Whistleblower Protection Ordinance

Since introduction of the Commission’s proposed Whistleblower Protection Ordinance amendments by President of the Board of Supervisors London Breed in June (Board of Supervisors File No. 160689), staff from the Department of Human Resources, the Controller’s Office (which administers the Whistleblower complaint program) and our office have met to discuss in depth the proposed amendments and their implementation.  We anticipate that the Board will take up the Ordinance in early December.

Operations & Audits

For the November 8, 2016 election, 12 candidates from five supervisorial districts qualified to receive public funds.  To qualify, each candidate was required to demonstrate that raising at least $10,000 (or $15,000 for an incumbent candidate) in amounts ranging from $10 to $100 from at least 100 City residents (or 150 for an incumbent candidate).  As part of this process, Commission auditors evaluated 71 requests from candidates and certified the 12 participating candidates to receive approximately $1,500,000 in public funds for their campaigns – an average of $125,000 per qualified candidate.  Those disbursements were based on auditors’ reviews of over 5,000 eligible contributions to candidates to verify that the contributions exist and that they were made by individuals who reside in the City.  City law allows candidates to continue to submit requests for public funds through December 8.  All participating candidates will be audited by the Commission.

Also a part of the public financing program, expenditure ceilings for participating candidates are adjusted based on third party and candidate spending. Third-parties that make expenditures affecting candidates must file disclosure statements within 24 hours of spending $1,000 or more per candidate during the 90 days preceding an election.  Staff analyzed 200+ reports that disclosed over $2,200,000 in third-party spending affecting City candidates, in addition to 185 statements filed by candidates who met certain thresholds.  As a result of that spending, expenditure ceilings were raised for participating candidates in four Supervisorial Districts. While each publicly financed candidate starts with an expenditure ceiling of $250,000, for the November election, the highest level to which a candidate’s ceiling was raised was $1,120,000.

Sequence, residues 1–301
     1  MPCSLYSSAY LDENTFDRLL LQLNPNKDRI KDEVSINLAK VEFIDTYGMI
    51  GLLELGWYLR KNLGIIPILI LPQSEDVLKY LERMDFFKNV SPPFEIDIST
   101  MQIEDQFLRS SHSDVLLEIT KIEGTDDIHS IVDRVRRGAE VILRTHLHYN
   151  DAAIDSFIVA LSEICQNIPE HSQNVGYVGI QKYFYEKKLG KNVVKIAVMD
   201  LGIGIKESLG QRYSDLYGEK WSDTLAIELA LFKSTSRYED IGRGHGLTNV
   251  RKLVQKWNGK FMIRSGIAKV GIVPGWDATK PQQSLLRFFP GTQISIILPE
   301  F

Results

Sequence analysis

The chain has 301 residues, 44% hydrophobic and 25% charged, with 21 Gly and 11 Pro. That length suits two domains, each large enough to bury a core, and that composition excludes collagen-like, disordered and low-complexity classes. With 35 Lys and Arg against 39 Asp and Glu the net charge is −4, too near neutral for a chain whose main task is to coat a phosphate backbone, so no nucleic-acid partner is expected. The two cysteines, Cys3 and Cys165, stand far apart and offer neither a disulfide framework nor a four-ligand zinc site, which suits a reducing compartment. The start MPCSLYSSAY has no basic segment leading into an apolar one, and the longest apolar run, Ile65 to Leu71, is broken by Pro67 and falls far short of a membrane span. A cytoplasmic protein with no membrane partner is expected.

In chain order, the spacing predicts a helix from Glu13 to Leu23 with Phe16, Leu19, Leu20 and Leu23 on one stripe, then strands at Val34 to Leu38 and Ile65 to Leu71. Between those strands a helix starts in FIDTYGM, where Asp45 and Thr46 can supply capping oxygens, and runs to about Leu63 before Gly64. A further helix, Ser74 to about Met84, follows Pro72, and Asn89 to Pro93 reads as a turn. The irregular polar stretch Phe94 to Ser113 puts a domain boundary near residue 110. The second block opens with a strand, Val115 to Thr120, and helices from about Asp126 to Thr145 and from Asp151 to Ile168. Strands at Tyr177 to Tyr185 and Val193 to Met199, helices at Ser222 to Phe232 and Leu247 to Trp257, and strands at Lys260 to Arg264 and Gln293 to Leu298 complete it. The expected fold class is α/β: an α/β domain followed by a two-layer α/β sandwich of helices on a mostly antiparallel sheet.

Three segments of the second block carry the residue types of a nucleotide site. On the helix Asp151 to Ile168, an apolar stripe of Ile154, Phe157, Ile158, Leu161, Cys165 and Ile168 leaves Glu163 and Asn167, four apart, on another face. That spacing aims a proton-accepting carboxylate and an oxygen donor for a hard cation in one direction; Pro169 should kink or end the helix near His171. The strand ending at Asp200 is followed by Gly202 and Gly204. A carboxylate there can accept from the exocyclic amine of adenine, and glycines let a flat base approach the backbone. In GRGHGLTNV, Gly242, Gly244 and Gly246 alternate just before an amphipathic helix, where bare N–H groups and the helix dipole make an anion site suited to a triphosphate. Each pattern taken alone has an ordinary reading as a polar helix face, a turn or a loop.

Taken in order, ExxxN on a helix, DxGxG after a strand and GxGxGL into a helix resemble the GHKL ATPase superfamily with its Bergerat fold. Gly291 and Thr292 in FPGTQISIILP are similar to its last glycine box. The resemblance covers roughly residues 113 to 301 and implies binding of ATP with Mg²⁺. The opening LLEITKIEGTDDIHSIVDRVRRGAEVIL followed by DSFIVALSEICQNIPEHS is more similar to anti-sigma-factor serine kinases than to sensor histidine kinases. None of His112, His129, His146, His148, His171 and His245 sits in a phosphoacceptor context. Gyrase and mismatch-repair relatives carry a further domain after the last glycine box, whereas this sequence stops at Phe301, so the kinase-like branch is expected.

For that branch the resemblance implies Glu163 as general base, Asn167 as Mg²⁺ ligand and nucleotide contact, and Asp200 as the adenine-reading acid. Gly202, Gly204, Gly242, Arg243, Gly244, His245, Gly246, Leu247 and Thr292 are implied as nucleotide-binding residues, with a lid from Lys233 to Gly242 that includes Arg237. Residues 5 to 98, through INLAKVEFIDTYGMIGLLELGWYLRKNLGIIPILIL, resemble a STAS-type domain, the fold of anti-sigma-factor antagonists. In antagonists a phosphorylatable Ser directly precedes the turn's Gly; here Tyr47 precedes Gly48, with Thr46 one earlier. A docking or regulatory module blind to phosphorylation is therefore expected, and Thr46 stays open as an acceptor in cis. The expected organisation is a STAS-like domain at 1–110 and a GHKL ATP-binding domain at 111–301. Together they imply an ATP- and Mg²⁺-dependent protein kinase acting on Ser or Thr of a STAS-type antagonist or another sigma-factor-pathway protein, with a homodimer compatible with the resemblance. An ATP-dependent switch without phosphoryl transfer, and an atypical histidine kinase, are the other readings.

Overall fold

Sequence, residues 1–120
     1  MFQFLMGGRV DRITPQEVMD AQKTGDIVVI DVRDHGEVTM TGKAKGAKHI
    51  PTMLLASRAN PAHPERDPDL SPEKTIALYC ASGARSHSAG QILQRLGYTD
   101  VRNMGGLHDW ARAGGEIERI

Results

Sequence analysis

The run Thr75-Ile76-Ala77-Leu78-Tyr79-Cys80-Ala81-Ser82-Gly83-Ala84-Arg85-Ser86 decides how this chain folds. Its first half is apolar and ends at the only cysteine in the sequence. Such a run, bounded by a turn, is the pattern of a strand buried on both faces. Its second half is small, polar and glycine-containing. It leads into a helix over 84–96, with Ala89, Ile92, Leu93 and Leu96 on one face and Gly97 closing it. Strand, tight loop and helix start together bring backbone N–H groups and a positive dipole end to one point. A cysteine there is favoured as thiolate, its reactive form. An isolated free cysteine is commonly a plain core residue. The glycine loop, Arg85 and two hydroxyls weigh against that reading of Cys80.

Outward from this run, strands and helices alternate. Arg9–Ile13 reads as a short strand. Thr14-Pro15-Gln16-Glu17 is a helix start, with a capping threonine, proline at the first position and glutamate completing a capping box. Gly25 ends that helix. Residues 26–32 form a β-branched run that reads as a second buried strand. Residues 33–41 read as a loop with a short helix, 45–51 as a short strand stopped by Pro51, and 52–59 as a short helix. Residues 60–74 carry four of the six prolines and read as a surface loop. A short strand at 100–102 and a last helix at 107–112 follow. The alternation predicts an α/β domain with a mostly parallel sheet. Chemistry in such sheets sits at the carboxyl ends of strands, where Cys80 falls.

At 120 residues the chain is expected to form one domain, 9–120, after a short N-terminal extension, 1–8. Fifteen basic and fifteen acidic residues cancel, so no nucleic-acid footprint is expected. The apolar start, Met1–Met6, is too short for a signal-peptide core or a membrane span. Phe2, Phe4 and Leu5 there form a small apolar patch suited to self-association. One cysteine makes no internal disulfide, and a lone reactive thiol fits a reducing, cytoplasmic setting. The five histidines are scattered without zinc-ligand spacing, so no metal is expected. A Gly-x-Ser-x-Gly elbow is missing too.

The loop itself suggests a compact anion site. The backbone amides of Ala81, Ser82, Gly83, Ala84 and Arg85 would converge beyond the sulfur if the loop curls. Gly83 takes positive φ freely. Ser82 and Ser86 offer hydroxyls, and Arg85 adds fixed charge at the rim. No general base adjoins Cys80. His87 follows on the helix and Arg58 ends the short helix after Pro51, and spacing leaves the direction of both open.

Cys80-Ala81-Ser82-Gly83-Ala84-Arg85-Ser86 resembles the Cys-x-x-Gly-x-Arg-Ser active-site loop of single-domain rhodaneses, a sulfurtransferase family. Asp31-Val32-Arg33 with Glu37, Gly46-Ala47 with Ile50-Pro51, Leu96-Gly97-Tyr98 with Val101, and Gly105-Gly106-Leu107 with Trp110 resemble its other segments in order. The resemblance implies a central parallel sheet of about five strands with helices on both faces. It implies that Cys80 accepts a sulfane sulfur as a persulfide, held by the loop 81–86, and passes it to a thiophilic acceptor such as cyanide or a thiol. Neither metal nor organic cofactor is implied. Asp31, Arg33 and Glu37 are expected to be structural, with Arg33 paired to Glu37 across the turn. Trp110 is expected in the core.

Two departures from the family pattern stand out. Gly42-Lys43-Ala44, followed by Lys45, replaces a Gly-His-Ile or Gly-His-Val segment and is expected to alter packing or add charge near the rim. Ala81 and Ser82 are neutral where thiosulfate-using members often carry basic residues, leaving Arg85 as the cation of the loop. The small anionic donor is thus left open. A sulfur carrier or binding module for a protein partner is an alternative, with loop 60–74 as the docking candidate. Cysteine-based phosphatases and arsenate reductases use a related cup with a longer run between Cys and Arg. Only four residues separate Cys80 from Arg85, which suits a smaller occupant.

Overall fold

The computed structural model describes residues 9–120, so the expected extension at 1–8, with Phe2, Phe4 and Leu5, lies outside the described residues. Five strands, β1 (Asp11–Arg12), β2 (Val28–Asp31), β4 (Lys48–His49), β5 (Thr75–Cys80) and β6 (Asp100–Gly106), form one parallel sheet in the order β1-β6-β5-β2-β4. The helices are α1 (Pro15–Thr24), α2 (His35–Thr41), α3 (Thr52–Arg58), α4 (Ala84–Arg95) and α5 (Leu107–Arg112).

Over the past month our office has had several opportunities to participate in discussions and panels to highlight the Commission’s role in City government and our current work. On October 22, I was a lunchtime speaker on government ethics for roughly 80 University of San Francisco Master of Public Policy program students as part of their weekend degree program.  The next day I participated in a seminar discussion on local government ethics with students at Presidio University’s MBA and MPA program. On October 24th SF Chronicle reporter Heather Knight and I addressed money and politics in San Francisco at a lunch panel hosted by the San Francisco office of SPUR.  On November 2, I participated in a Leadership Development Forum roundtable with management employees sponsored by the City’s Management Employee Association.  Earlier that day, several other local ethics agency directors and I participated via Skype in a Philadelphia City Council committee to discuss public financing programs in our respective jurisdictions.

Other Operational Information

Revenue Report

Table 1 shows the revenues received by the Commission during the fiscal year that began on July 1, 2016.

Table 1- Summary of FY 2016-17 Revenues as of November 15, 2016

Source Budgeted Amount FY 16-17 Receipts as of Nov 15, 2016
Lobbyist Registration Fees $85,000 $8,500
Lobbyists Fines $500 $1,400
Campaign Consultants Fees $10,000 $10,100
Contact Lobbyist and Other e.g., copies made by Public $4,850 $871
Statement of Economic Interests Filers $1,500 $300
Campaign Consultant Fines 1,000 $600
Campaign Finance Fines (includes late fees and forfeitures) $23,000 $2,268
Ethics, Other/Administrative Fines Levied by the Commission $7,500 $29,400
Total $133,350 $53,439

I look forward to answering any questions you might have about this Executive Director’s report at the upcoming Commission meeting.